Yellowstone Financial, Inc.

Tax pitfalls with surprising penalties

As any sleep-deprived, raccoon-eyed accountant can tell you, just over a month remains in the busy tax season.

Those of you who have been cozying up to TurboTax or working with tax pros may have a good handle on your taxes. This year we’ve seen issues with international assets, IRS emails, and the perennially fiendish Alternative Minimum Tax.

Any funds abroad? Many of the international families in Boulder County have at least $10,000 combined in all financial accounts (including retirement plans) in other countries at some point last year.

So what? Every year they must file Form TDF 90-22.1 (the name itself is bureaucratically foreboding) by June disclosing all these accounts to the U.S. Treasury Department. If you don’t, you could be subject to heinous civil penalties that could exceed 50 percent of the value of the accounts if done willfully. Go to and query “FBAR” for more information knowing that you may want an expert’s help with this.

This year we’ve seen a number of e-mails threatening IRS penalties and audits, and claiming the existence of long-forgotten tax refunds. The IRS does not initiate contact with taxpayers via e-mail. Watch out for these fraudsters.

Then there’s the insidious parallel tax system called the Alternative Minimum Tax (AMT). Before William Shatner was using his Hitchcockian frame to pitch cut rate hotel rooms, the lean Captain Kirk would sometimes get stuck in an evil parallel universe where new rules applied to almost all situations. That’s the AMT. You can’t count on the tax world you’ve known.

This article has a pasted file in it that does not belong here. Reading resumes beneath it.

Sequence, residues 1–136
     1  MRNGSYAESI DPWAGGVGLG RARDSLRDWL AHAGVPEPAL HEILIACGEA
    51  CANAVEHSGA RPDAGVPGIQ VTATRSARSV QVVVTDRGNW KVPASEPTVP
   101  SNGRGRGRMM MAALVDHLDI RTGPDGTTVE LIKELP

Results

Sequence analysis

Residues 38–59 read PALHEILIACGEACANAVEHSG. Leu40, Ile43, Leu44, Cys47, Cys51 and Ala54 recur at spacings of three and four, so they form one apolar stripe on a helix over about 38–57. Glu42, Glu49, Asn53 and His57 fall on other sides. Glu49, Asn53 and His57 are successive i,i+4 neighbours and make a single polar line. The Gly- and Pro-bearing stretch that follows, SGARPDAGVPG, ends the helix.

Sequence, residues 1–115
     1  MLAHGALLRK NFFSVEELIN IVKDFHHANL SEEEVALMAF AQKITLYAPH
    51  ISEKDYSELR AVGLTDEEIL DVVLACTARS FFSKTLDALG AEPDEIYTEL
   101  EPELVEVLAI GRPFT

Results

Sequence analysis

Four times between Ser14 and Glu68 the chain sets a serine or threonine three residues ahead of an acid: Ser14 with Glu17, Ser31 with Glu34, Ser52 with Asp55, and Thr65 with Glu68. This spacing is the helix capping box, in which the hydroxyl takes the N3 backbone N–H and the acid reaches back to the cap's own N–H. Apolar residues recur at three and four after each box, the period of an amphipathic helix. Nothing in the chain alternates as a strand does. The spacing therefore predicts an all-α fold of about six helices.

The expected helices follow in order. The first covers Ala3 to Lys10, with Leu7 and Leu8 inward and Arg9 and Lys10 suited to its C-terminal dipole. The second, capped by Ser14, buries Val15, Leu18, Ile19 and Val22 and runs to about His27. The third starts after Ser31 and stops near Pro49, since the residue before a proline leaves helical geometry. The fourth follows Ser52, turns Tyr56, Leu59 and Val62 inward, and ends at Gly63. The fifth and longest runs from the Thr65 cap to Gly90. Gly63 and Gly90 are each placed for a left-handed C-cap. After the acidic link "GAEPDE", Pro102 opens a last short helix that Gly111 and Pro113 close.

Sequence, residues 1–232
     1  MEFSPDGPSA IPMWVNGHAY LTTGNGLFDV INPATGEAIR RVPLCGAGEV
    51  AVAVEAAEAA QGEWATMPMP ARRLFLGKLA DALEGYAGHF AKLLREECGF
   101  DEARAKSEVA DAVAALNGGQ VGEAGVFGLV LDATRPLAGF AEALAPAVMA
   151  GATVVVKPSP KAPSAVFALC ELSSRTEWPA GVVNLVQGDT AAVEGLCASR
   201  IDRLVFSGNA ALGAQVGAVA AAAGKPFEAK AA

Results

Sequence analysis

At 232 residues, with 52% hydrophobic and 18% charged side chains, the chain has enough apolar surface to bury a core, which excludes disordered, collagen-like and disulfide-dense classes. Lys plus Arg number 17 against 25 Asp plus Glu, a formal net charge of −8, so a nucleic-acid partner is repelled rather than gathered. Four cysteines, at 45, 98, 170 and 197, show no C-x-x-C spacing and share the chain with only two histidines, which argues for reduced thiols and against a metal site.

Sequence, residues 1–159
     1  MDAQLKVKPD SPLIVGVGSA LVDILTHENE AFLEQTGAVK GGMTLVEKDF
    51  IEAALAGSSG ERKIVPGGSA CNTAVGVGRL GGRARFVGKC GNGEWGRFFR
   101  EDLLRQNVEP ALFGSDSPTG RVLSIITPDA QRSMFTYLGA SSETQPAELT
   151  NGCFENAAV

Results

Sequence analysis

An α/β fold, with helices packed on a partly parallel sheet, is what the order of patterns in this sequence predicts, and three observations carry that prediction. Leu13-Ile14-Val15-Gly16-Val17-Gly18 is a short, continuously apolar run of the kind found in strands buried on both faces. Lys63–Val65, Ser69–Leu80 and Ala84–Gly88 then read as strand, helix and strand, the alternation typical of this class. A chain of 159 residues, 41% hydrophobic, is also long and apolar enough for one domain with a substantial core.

The AMT ensnares many in Boulder County with our high wages and cost of living. About 8 percent of those with an adjusted gross income of $100,000 to $200,000 are affected. Fully 76 percent of those with an AGI of $200,000 to $500,000 are caught in the AMT.

All of us must compute taxes under two rules — the regular rules and the AMT rules. The IRS then requires that you pay the highest tax from the two methods.

AMT just has two tax brackets — 26 percent on the first $175,000 in taxable income and 28 percent above that for joint filers. The highest AMT bracket is 7 percent lower than the highest regular tax bracket. At first glance, the AMT sounds like a good place to be.

The AMT system throws out many common deductions such as property and state income taxes. Miscellaneous itemized deductions such as employee business expenses, tax prep and investment fees are also tossed aside. Medical deductions are limited and some home equity interest is not includible. Municipal bond interest may be taxed.

Joint filers do get a $74,450 AMT exemption you can deduct from your income, but this starts disappearing with an AMT income of $150,000 by 25 percent of your income above this level. You’re in the 35 percent (effective) bracket after all.

The friendly side of our tax system can give you all sorts of benefits for children. You get to subtract an exemption of $3,700 in 2011 for each person in your family. The AMT dispenses with this and traps higher income families as a result.

Well at least the AMT gets the one-percenters like Buffet and Romney, right? Many of the rich folks derive much of their income from capital gains and qualified dividends. Your schadenfreude is derailed once you learn they get the same 15 percent tax rate the rest of us do.

To determine if you’re in the dreaded parallel universe, look on line 45 on your 1040 this year and take steps to limit it in 2012.